Review: Panasonic P11 - Not For Shutterbugs
A well-built handset let down by performance.
Solid construction; Sharp display; Extra back panels bundled.
Sluggish user-experience; Lacklustre multimedia performance; Below average camera.
Street Price: Rs 14,500
Who Should Buy
- Those who want a well-built Android phone from a fairly known brand.
- People who want a good looking phone with a HD screen in sub-15K budget.
- Those who like to swap back panels of their phone often.
Who Shouldn’t Buy
- Those who cannot put up with sluggish user-experience.
- Those who want a phone for enjoying music and movies.
- People who want a very good camera on their smartphone.
The P11 is Panasonic's second offering in the Indian smartphone market. Unlike most budget handsets, this phone packs in a quad-core chipset manufactured by Qualcomm; Snapdragon 200 to be precise. But is it any better than those tried and tested MediaTek SoCs? As mentioned in our hands-on article, the phone manages to grab your attention, but can it impress us with its features? Let's find out.
Look And Feel
The phone looks a lot like its elder sibling P51. The phone has premium looking edge-to-edge glass. But unlike the P51, this phone sports typical Android capacitive keys — Home, Back, and Menu, below the screen rather than on it. What also separates the P11 from the P51 is its removable back panel. Panasonic has been generous enough to throw in a couple of extra covers too. And love it or hate it, you simply cannot ignore the florescent yellow/green panel.
The phone’s construction is quite sturdy. It can easily take a few knocks and drops and not show up. You don't really need to care about the back-panel as there are two extra back panels in the package. Coming to the subject of ergonomics, like every other over-sized phone, this 5-incher isn't ideal for single-handed use. Thankfully, the lock/power button is placed on the side, so you don't have to stretch your index finger all the way to the top to unlock the phone. Overall, the P11 fares better compared to most phones from the Android camp.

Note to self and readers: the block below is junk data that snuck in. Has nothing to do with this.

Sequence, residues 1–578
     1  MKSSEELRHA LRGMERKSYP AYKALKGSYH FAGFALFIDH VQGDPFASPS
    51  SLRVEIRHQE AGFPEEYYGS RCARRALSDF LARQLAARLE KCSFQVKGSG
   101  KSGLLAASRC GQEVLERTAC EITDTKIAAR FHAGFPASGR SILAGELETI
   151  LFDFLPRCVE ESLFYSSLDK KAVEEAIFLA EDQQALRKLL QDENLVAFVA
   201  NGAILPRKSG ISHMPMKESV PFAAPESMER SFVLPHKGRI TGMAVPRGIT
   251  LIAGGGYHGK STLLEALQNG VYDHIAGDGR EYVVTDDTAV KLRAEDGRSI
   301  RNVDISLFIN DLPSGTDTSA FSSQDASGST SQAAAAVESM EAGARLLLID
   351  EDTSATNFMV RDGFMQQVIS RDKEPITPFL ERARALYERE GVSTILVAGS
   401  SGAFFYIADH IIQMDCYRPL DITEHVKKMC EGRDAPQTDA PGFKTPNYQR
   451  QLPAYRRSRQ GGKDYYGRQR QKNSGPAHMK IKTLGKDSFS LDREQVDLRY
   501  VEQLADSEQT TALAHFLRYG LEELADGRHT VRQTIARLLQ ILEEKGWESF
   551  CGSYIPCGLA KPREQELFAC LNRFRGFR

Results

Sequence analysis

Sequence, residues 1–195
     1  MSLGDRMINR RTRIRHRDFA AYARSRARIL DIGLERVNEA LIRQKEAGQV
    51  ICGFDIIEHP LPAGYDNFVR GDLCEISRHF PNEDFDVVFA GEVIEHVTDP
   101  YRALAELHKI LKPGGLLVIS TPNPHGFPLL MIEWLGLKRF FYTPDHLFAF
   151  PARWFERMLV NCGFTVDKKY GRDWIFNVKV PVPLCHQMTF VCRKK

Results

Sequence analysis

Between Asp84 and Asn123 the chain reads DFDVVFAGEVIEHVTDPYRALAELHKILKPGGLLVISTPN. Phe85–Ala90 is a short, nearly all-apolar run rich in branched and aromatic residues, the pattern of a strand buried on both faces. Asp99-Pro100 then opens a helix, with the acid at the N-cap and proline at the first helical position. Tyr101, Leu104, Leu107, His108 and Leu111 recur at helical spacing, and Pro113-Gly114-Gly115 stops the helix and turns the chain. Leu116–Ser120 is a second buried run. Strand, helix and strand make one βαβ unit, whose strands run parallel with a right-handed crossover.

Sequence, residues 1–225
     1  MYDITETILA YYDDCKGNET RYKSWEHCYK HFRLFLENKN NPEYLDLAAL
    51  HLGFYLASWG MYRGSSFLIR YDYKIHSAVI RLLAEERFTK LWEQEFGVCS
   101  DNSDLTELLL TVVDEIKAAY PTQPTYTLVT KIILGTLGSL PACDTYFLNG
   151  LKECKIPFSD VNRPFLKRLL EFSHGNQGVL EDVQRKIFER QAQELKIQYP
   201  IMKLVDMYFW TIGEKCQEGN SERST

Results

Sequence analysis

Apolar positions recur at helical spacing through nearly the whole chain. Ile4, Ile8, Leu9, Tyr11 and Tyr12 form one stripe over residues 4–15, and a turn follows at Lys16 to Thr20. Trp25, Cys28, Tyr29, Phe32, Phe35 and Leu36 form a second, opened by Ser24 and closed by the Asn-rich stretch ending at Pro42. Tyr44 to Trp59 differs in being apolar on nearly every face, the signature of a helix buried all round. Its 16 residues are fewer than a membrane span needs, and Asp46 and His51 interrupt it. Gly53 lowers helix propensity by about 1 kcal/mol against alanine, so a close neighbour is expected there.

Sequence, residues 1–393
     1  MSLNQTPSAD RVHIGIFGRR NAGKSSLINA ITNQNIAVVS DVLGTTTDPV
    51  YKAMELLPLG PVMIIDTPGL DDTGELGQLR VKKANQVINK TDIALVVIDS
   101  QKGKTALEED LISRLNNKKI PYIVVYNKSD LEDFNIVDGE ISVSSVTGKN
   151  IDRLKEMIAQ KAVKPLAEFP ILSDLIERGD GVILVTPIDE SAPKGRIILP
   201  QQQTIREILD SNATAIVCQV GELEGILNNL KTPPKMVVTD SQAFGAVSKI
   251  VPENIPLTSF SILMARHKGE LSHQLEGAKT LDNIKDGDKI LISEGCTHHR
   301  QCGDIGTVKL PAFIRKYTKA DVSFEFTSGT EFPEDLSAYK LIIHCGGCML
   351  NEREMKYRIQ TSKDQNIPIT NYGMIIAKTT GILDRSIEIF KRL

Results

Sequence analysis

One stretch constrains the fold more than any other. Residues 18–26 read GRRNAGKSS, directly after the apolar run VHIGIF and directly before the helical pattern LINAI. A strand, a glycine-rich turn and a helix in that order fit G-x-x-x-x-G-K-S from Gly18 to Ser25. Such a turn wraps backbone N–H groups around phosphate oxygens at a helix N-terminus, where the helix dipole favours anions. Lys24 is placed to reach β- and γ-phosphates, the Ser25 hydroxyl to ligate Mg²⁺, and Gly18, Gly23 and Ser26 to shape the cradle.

Display is one of the most important aspects of a smartphone, and the P11 makes sure not to disappoint in this space. The 5" IPS screen offers good colour reproduction. However, it isn't as vibrant as that of the P51. With pixel dimensions of 1280x720, the display is quite sharp. What's sorely missing here is a scratch-resistant layer. So make sure not to put your phone and keys in the same pocket.
The P11 is powered by a quad-core Snapdragon 200 SOC with the processor clocked at 1.2 GHz. For photography there's an 8 megapixel rear camera, and 2 MP front snapper for selfies. The phone has 1 GB RAM, 4 GB of internal storage (2.8 GB user accessible), microSD card slot, dual-SIM (GSM) support, Wi-Fi, Bluetooth, A-GPS, and 2000 mAh battery.
The P51 offers slightly dated Android 4.1 out-of-the box. Panasonic hasn't made many changes to the stock ROM, so the interface is quite clean. In short, unlike Samsung and Sony, Panasonic has refrained from spoiling the interface by putting a skin on top of vanilla Android. And that's a good thing.
However, the same can't be said about the phone's performance. The Snapdragon 200 chipset struggles to keep things smooth. There's consistent lag and stutter throughout the interface. To put things into perspective, the P11 feels noticeably sluggish than its MediaTek counterparts. The onboard Adreno 203 GPU is quite dated, and performs mediocre at best. Even when playing casual games such as Angry Birds: Star Wars and Temple Run, you feel that the frame-rates are not up to the mark.